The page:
Fargo has seen a number of African restaurants come and go and a few changed hands once in a while.All maintained the kind of integrity that is unusual in the food industry. Owned and operated by Africans new to America, they haven't done much to localize the cuisine and that's a good thing.
I don't say this lightly. There are a lot of places that do minimalism well - an irony, to be sure, and that's hip too. But the wall of bottles, the savvy of the bartender mixing drinks with just the right spoon and just the right relaxed, but aloof, look - the plaid and the bustle and the idiosyncratic lighting, all makes this not the place to be, but the place. Period.The food is really, really good too.
But no one is fooling anyone and everyone is OK with that. So the issue of authenticity is moot when it comes to atmosphere.On a busy night it's loud and hurried, but so are pubs on the Isles. If you're actually Irish, you won't feel at home as much as you will feel a kind of distant nostalgia. For the rest of us, it's OK.And the food is passable, too. But this is where some qualification might be in order. A good many new eateries in Fargo might be classified as bar-first businesses.
Muck Rack makes it simple to find people, tweets, or articles that mention any name, keyword, company, hashtag etc. We've compiled this guide to help you make the most of your search.
Selecting a term
Start searching tweets, articles from media outlets, articles mentioned in tweets, journalists'
names, titles and bios with some suggested searches:
Companies or Topics (e.g. iPhone, Microsoft)
Phrases (e.g. "cloud computing") — use quotes to keep the terms together
Twitter handles (e.g. @username) — returns those who have mentioned or replied to
Names (e.g. "David Pogue")
Hashtags (e.g. #sxsw, #london2012)
Bio details (e.g. vegan, Olympics, father)
Muck Rack's Advanced Search allows for many boolean operators.
Find results that mention multiple specified terms, use AND or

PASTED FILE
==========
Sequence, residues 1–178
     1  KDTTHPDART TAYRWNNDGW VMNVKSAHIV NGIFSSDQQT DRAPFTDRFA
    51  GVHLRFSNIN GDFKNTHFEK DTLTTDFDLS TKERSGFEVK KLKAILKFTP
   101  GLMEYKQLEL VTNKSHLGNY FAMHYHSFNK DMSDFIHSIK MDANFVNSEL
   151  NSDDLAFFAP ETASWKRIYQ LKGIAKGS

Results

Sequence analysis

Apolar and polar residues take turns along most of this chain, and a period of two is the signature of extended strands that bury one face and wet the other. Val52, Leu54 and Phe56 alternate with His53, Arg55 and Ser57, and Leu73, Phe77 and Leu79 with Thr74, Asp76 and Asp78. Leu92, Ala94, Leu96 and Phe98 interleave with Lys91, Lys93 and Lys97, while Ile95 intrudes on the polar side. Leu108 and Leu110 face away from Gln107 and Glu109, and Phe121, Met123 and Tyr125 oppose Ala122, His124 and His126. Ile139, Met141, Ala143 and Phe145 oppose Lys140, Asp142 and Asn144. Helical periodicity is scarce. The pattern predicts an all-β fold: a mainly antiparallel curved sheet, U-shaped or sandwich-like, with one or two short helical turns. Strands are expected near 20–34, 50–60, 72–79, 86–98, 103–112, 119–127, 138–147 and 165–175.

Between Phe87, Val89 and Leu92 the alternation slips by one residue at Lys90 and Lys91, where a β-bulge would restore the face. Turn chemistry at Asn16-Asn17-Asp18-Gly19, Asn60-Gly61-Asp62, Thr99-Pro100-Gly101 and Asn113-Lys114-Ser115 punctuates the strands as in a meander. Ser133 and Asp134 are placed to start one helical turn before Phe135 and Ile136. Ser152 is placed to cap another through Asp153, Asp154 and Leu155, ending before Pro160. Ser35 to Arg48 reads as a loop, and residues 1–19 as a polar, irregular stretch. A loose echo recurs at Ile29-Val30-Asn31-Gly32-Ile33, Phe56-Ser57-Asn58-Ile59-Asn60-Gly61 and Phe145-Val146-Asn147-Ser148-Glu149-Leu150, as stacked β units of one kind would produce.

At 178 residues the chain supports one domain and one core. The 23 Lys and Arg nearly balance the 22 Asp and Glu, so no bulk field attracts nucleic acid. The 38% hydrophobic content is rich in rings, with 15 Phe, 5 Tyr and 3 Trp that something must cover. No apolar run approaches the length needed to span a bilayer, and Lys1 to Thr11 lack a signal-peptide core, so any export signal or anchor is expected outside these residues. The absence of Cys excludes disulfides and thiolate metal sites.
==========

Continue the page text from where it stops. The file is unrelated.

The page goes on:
+. For example, ensure each result contains both Elon Musk and Mark Zuckerberg by
searching Musk AND Zuckerberg or Musk + Zuckerberg.
Use the operators OR or , to broaden your search when you'd like either of
multiple terms to appear in results. (This is the default behavior of our search when no operators
are used). For example, results will contain either cake or cookie by searching cake OR cookie or cake,cookie
Use NOT or - to subtract results from your search. For
example, searching Disney will yield results about the Walt Disney Company as well as Walt Disney
World Resort. To exclude mentions of Disney World, search for Disney -World or Disney
When using one of these operators with a phrase, enclose it in quotation marks. For example, you can
find results about smartphones excluding Apple's iPhone 4S by searching smartphone -"iPhone
Exact case matching or punctuation
If you're searching for a brand name or keyword that relies on specific punctuation marks or capitalization, you can
find results that match your exact query by adding matchcase: before the keyword you're searching for, like matchcase:E*TRADE .
Use parentheses to separate multiple
boolean phrases. For example, to find journalists talking about having fun in Disney World or
Disneyland, search for ("disney world" OR disneyland) AND fun.
An asterisk can be used to search for any variation of a root word truncated by the asterisk. For example, searching for admin* will return results for administrator, administration, administer, administered, etc.
A near operator is an AND operator where you can control the distance between the words. You can vary the distance the near operation uses by adding a forward slash and number (between 0-99) such as strawberries NEAR/10 "whipped cream", which means the strawberries must exist within 10 words of "whipped cream".